And I remember when the internet [00:14:00] first came, Kermit was commercialized back in the early nineties. And I looked at this and I thought, gee, this looks like an interesting opportunity. I need to understand this. I was in the middle of my MBA at the time. And and I thought to myself, okay, I need a founder, an idea.
So I did that. I found it an ISP. Why? Because I wanted to understand the internet, but understanding at a real grassroots level of, okay, how does this all work? And that experience from way back then is now translate me 30 years later, 30 something years later. And I now have a technical understanding, a business understanding of a lot of what the internet is and how it functions at the really low level from my experiences running an ISP back in the early nineties.
Yeah it’s the same thing with virtual reality. I was one of the earlier doctors or the Oculus rift and I saw I’ve been waiting [00:15:00] for virtual reality come at. So one of the, one of the first things I did was I bought myself an Oculus rift and I began to toy to play with it. I played some yes, some of the games and things like that.
They had on it. And just to try to experience what works, what doesn’t work. I found, I had the joyous experience of motion sickness with with the Oculus riff with what’s one particular game. And I must admit that as a much horrendous experience, but it was just one game. I found out why that game had that I had that reaction to it.
I then began to program it because I to see how difficult is it, the tools there. And I came to the conclusion. It wasn’t the. But it’s really close. And then magic leap, as you mentioned, Collin which is really augmenting reality. They’ve been through serious amounts of money down there in Fort Lauderdale.
And they just done an announcement just recently and I’m thinking, yeah, but have they really [00:16:00] turned the opportunity into something commercial, which is interesting. So Michael, as a startup, as an investor, I’m thinking, ah, I love that idea. I love that technology shift. Do I go for it or do I not go for it?
Do I believe in self driving a Tesla or not? Do I believe in augmented reality or. I think everyone who’s in this room probably has these thoughts. Like we do NFTs, are they really something or not? Or are we just old? Cause we think Anaptys are not really that it are. We do we believe Bitcoin something, how can it actually, function as a currency?
All these things go through your mind. And if you’re in the audience I come on, this is going to be really fun. Come on up. Yeah. It’s an interesting question I asked about there. So things, I think there’s quite often with any sort of major opportunity, like the one you just outlined there it is.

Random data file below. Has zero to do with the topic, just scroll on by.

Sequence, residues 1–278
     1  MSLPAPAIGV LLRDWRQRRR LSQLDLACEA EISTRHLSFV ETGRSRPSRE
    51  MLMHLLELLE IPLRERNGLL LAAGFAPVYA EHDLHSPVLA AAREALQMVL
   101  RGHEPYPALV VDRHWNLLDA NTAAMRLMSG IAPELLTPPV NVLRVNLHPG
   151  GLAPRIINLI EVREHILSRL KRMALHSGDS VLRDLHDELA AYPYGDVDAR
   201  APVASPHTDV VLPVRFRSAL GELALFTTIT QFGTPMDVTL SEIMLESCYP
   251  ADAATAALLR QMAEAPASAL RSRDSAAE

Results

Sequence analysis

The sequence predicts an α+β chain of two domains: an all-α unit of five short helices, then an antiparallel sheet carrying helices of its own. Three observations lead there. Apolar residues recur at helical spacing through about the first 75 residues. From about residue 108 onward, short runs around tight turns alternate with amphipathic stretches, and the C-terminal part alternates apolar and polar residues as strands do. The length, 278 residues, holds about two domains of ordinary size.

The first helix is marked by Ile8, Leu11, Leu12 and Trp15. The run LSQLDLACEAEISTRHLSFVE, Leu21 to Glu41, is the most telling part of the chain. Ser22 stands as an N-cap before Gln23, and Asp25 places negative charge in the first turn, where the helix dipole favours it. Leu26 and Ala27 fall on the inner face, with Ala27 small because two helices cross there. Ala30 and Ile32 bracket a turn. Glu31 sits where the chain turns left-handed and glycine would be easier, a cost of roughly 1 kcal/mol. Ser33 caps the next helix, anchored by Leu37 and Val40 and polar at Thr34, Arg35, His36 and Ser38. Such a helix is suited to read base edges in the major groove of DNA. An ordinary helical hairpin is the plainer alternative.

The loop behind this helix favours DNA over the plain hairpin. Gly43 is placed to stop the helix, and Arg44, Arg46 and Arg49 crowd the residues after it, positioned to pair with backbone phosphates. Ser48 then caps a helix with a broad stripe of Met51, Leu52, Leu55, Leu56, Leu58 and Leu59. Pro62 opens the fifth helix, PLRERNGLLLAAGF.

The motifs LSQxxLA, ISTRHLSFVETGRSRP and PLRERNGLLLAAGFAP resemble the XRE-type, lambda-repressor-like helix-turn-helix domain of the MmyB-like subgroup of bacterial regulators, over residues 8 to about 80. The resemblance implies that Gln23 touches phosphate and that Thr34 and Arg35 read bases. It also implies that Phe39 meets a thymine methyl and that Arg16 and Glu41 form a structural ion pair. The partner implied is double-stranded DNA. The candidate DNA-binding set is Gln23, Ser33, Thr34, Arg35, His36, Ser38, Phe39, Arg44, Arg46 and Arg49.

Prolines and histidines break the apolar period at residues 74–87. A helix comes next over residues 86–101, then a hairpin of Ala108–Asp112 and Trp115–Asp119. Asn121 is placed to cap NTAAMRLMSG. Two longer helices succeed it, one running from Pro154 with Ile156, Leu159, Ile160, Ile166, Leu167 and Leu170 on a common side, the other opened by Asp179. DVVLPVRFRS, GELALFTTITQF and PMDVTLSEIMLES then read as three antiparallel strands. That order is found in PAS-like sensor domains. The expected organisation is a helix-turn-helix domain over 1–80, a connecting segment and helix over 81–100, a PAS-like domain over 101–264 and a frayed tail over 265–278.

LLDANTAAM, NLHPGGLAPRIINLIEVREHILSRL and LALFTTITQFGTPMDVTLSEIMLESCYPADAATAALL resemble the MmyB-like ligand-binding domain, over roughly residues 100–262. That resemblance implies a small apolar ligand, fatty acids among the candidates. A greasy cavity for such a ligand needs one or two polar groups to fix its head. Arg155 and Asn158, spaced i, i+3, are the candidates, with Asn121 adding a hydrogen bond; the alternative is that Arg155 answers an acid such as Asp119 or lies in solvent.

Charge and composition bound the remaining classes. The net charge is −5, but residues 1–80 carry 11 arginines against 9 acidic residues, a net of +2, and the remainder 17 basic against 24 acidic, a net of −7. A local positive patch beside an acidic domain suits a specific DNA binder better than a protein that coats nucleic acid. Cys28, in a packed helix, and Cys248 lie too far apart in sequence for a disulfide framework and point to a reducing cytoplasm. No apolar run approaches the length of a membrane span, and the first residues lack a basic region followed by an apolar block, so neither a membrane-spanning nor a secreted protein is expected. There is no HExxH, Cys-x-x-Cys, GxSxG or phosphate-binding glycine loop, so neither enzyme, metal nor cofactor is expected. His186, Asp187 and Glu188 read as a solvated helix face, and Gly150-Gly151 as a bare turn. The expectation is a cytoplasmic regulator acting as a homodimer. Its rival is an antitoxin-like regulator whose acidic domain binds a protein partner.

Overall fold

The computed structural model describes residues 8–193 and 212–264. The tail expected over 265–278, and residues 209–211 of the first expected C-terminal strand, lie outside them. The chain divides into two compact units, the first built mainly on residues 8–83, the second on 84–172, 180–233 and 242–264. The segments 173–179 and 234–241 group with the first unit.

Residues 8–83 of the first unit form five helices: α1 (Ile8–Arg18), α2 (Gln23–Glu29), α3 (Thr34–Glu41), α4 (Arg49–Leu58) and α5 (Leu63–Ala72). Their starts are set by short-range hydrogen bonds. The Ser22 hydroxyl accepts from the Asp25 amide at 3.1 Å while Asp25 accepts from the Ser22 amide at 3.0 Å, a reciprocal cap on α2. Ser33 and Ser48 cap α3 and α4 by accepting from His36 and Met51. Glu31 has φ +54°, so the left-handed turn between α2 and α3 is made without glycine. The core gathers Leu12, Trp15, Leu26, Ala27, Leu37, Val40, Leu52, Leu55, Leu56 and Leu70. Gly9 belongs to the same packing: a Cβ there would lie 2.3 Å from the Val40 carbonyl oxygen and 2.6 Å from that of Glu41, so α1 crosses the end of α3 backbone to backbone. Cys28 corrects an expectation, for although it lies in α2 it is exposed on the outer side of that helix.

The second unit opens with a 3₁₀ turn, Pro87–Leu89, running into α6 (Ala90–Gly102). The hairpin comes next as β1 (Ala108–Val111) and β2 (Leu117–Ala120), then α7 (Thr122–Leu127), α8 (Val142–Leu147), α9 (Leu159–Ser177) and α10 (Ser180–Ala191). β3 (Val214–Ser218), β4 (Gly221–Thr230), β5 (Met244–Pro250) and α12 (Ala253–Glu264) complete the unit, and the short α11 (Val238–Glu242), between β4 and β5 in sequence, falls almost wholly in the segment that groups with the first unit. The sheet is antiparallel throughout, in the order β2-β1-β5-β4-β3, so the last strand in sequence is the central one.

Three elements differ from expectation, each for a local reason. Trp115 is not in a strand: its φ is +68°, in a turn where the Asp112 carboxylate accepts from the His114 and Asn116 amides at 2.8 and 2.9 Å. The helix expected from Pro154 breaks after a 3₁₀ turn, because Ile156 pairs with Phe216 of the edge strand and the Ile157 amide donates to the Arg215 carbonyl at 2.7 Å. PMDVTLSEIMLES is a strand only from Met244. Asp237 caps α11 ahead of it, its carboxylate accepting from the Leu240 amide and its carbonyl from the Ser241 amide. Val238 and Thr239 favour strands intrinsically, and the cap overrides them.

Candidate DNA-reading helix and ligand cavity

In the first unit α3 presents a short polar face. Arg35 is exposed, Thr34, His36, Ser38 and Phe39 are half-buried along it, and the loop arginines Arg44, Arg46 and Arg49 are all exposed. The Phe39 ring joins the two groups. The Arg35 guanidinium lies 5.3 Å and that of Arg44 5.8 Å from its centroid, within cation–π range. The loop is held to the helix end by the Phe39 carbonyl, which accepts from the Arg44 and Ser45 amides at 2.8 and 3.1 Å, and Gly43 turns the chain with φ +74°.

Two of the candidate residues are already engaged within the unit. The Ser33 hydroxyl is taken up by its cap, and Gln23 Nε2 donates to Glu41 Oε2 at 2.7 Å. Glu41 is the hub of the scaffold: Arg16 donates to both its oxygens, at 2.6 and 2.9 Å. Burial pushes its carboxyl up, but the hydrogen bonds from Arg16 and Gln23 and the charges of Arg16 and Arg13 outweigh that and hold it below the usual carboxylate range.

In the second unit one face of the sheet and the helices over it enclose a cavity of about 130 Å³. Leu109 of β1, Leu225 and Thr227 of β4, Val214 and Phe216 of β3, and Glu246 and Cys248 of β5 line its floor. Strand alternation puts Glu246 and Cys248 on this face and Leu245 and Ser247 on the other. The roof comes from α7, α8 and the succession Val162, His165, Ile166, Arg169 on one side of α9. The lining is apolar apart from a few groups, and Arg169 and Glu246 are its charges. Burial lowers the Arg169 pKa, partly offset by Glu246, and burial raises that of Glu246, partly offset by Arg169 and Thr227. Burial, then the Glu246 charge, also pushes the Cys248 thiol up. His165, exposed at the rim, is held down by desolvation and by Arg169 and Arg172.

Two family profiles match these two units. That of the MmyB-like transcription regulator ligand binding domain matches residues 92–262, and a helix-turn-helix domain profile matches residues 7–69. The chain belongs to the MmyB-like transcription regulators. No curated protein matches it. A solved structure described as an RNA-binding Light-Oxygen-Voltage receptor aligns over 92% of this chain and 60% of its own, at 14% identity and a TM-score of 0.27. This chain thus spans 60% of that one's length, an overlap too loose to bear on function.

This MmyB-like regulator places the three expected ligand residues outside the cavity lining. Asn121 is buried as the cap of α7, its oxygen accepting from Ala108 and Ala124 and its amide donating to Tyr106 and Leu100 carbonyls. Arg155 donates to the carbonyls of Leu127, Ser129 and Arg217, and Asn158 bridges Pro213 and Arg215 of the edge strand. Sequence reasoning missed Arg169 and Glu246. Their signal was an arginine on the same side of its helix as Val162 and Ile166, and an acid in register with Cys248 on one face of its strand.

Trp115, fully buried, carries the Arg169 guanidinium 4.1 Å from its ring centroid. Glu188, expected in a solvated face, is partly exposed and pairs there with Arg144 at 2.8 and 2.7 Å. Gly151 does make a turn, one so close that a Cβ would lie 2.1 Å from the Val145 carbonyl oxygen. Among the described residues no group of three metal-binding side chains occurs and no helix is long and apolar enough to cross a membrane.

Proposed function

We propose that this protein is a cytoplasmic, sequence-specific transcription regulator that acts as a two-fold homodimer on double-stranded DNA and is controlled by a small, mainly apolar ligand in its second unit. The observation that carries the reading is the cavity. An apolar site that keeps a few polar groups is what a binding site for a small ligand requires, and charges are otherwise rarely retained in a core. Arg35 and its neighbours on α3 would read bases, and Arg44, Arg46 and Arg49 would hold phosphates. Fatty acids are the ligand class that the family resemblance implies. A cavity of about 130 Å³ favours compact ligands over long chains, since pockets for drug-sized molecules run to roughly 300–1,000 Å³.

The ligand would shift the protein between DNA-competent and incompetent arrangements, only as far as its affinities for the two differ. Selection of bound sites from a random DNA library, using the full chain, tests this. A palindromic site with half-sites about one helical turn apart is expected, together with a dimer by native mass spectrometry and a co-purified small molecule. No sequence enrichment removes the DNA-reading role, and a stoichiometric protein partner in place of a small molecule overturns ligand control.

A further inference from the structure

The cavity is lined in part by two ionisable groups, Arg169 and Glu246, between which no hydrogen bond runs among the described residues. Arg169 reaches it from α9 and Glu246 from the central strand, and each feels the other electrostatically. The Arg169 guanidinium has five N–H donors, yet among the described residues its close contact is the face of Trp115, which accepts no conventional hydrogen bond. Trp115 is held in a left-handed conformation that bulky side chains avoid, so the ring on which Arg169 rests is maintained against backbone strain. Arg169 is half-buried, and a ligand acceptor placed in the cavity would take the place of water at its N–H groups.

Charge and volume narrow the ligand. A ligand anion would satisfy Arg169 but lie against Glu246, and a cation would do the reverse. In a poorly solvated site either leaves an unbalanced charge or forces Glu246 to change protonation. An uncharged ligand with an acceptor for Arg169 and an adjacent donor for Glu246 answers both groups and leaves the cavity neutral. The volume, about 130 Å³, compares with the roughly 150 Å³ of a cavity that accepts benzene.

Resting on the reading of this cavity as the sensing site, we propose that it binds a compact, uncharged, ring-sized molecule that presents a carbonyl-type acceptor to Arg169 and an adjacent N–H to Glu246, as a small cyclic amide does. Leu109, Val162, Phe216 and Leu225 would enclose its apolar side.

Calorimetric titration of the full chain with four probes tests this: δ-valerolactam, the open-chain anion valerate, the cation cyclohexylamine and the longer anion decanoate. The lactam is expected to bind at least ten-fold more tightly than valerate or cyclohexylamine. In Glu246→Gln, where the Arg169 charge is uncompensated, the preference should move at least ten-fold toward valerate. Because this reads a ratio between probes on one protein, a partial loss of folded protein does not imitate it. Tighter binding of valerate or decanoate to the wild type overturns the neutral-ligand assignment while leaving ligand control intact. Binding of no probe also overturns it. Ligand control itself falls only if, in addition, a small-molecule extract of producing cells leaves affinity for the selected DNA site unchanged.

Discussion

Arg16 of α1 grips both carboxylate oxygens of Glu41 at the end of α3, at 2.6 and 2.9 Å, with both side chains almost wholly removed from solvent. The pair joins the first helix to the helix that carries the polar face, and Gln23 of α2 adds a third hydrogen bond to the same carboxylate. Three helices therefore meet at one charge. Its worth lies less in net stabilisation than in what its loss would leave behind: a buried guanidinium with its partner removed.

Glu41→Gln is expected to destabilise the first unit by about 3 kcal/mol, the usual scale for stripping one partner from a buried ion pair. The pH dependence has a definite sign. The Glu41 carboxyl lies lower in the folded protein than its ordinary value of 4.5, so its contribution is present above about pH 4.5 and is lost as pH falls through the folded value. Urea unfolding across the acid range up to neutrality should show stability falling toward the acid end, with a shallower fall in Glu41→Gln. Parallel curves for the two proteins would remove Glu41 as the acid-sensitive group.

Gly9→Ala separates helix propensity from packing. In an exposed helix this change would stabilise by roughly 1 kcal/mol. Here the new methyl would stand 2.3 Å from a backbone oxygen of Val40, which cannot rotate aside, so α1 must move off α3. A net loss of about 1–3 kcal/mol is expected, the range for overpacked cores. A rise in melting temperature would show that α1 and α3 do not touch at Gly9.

I think it’s a timing issue quite often. And if you’re too early in the Stockholm, [00:17:00] then you’re going to get your hands. If you’re too late, you’ve missed it. So it’s like, how do you time this? Quite often with the opportunity, like w is for instance back when Bitcoin was first around and you’re buying it for 5 cents or something by that.
And it was what the heck you doing and the tools to actually buy a Bitcoin was funky. It was just crazy. And everyone would be laughing at you and all that sort of stuff. So by an NFT, Michael, I’m trying to, I’m trying to buy my first NMT. I swear to God it’s the same sort of thing yet. I must’ve made NFTs, I think are absolutely fabulous for the.
I’m trying to understand what the value ultimately is for say the investors and whether it’s just a Gregory Ponzi scheme and end up selling that at some point, because some other mug wants to buy K more than you pay, or is there something else underpinning that it’s this artistic [00:18:00] venture for the artists I think is great because allows them to get their act into the marketplace and actually generates revenue from this and everything.
But keys, I think are the first way. What’s our next wave of multiple waves of, as you said, call it tokenization. And it’s tokenization. I think of intellectual property is tokenization of assets. Where did they come prop, but ultimately I am a firm believer that content, whatever that content is, whether it’s music, whether it’s video, whether it is images, whether it’s a re the written word, ultimately content is king, because that’s what people want.
One, the issue is how to best get the value from that content. All right, Michael, I know you’re going open it up to the audience, but I think we’ve discovered the first opportunity to here, how to make it easy to buy it. A T it was very complicated for me to buy start-up club dot, ETH, very complicated [00:19:00] that just making it easy, connecting people from one world to another, I think that’s a huge opportunity.
Oh, I’m that way. Even I look at the domain industry that I’m in trying to buy. I manage a domain portfolio is excruciating for many people. Yeah. And it’s a challenge and it’s or how do you solve the problem of not just managing one website, but if you want to manage a thousand websites, how do you do that?